Friday, March 15, 2013

Why the 787 battery fix will work

Why the 787 battery fix will work:
Boeing’s extensive and detailed briefing from Tokyo on the 787 battery redesign finished a few hours ago and, for the first time since this business began with the initial JAL fire in January, I have had a glimpse into why the company has been so quietly confident in its updated system.
There is light at the end of the tunnel for beleaguered 787 operators and, no, I don’t think it is an oncoming train. The reason? The briefing by Vice President and 787 Chief Project Engineer Mike Sinnett answered one nagging, fundamental concern that many have expressed over the little that was ‘known’ about the design. From very scant information, observers had gleaned that Boeing’s redesign philosophy was to essentially mitigate the potential of a lithium ion battery failure – the most obvious expression of this being a large fire proof box in which the battery will be enclosed.
But would the FAA ever contemplate certification of a system which – in a worst case scenario involving a battery fire – ultimately depends on containing a blaze onboard an aircraft? The answer, as we now know, is that the FAA will not have to make that decision because the box, or enclosure, is designed to prevent a fire rather than ‘contain’ it.

The 'enclosure' (Boeing)
The solid enclosure “has a very small amount of air in it” says Sinnett. In lab tests in which individual cells in the eight-cell GS Yuasa 32V battery have been deliberately failed, the vaporized electrolyte that spews out pushes open a pressure disc “in about 1.5 seconds,” he adds. The vapor passes out through vent tubes into the atmosphere, whether at 35,000 ft or at ground level on the ramp.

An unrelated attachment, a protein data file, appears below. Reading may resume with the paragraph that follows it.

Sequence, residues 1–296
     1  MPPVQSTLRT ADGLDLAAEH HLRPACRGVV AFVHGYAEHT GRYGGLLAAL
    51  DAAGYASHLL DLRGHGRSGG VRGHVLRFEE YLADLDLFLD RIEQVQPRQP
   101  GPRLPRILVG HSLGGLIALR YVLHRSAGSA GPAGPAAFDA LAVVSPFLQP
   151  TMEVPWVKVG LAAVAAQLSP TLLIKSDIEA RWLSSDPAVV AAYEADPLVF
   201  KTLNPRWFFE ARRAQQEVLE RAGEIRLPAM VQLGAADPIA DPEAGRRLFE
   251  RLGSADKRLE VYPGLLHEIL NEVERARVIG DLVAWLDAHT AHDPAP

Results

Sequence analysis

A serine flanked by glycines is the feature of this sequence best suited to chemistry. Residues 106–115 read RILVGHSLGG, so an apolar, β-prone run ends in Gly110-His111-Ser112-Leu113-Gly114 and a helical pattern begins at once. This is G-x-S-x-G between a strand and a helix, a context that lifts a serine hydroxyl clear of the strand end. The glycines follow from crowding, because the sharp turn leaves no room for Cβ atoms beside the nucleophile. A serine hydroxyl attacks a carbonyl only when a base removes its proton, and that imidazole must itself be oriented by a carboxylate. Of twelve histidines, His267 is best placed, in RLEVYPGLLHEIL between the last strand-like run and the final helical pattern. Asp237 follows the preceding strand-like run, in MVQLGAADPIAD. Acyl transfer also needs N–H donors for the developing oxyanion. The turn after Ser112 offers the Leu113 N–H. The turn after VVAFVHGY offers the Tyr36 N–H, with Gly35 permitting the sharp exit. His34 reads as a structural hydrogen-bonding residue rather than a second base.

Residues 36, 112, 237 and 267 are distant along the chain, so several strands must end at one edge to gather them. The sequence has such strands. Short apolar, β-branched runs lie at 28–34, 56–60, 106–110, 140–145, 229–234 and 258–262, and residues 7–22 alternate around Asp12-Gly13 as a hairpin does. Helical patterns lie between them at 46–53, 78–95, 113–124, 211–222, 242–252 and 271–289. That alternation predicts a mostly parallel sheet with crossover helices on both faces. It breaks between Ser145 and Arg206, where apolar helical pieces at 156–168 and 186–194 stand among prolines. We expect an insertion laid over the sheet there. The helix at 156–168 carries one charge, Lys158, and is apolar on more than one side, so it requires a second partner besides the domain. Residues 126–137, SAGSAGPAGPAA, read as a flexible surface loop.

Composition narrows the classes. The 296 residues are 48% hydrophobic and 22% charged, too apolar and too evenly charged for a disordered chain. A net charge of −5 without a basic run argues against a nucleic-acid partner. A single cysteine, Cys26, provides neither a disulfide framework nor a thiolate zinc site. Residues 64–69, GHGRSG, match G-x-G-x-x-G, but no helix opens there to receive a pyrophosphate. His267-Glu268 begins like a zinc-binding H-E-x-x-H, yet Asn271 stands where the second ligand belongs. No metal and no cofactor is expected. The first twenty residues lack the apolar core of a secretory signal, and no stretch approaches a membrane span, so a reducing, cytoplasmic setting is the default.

Even when the electrolytes oxidize “they don’t release sufficient oxygen to materially contribute to combustion,” Sinnett says. A battery failure was induced in an enclosure in the test lab by exposing it to heat transmitted through the casing. “In no cases were we able to ignite electrolytes coming out of the cell,” he adds. The test team then drew oxygen back into the enclosure. “There was a small amount of combustion for 200 milliseconds and it went out again.”

Enclosure and vent line to atmosphere (Boeing)
By sealing off the battery from the outside, the enclosure starves the fire of air before it can even get started. The bottom line is the enclosure appears to provide not only the ultimate safeguard should a failure occur, but also an additional active means of preventing one in the first place.
Other changes, probably more germane to the still unknown original cause of the failures, include revised chargers which stay within a tighter voltage range – neither over or under-charging the battery. The internal configuration of the battery is also revised with spacers and insulation for improved thermal and electrical isolation, as well as with better wire harnesses to reduce the chances of short circuiting.

The revised 'gentler' charger (Boeing)
What seems to speak volumes about Boeing’s confidence in the redesign is the fact that just one test flight is currently deemed sufficient to verify the improvements. Of course there are also hundreds, possibly thousands, of additional ground test hours still lying ahead of the Boeing battery team. There is also the possibility of additional test flights if not everything goes to plan – a situation that the 787 development team has become all-too-familiar with over the years.

The ultimate irony in this elaborate fix is the 150 lb of the hefty enclosure eliminates much of the weight benefit of using lithium ion batteries in the first place. All the more reason then for Boeing to ensure this fix works, so that the other operational and supposed maintenance benefits of this technology can finally be brought to bear. Click HERE to read a report from the press comference.

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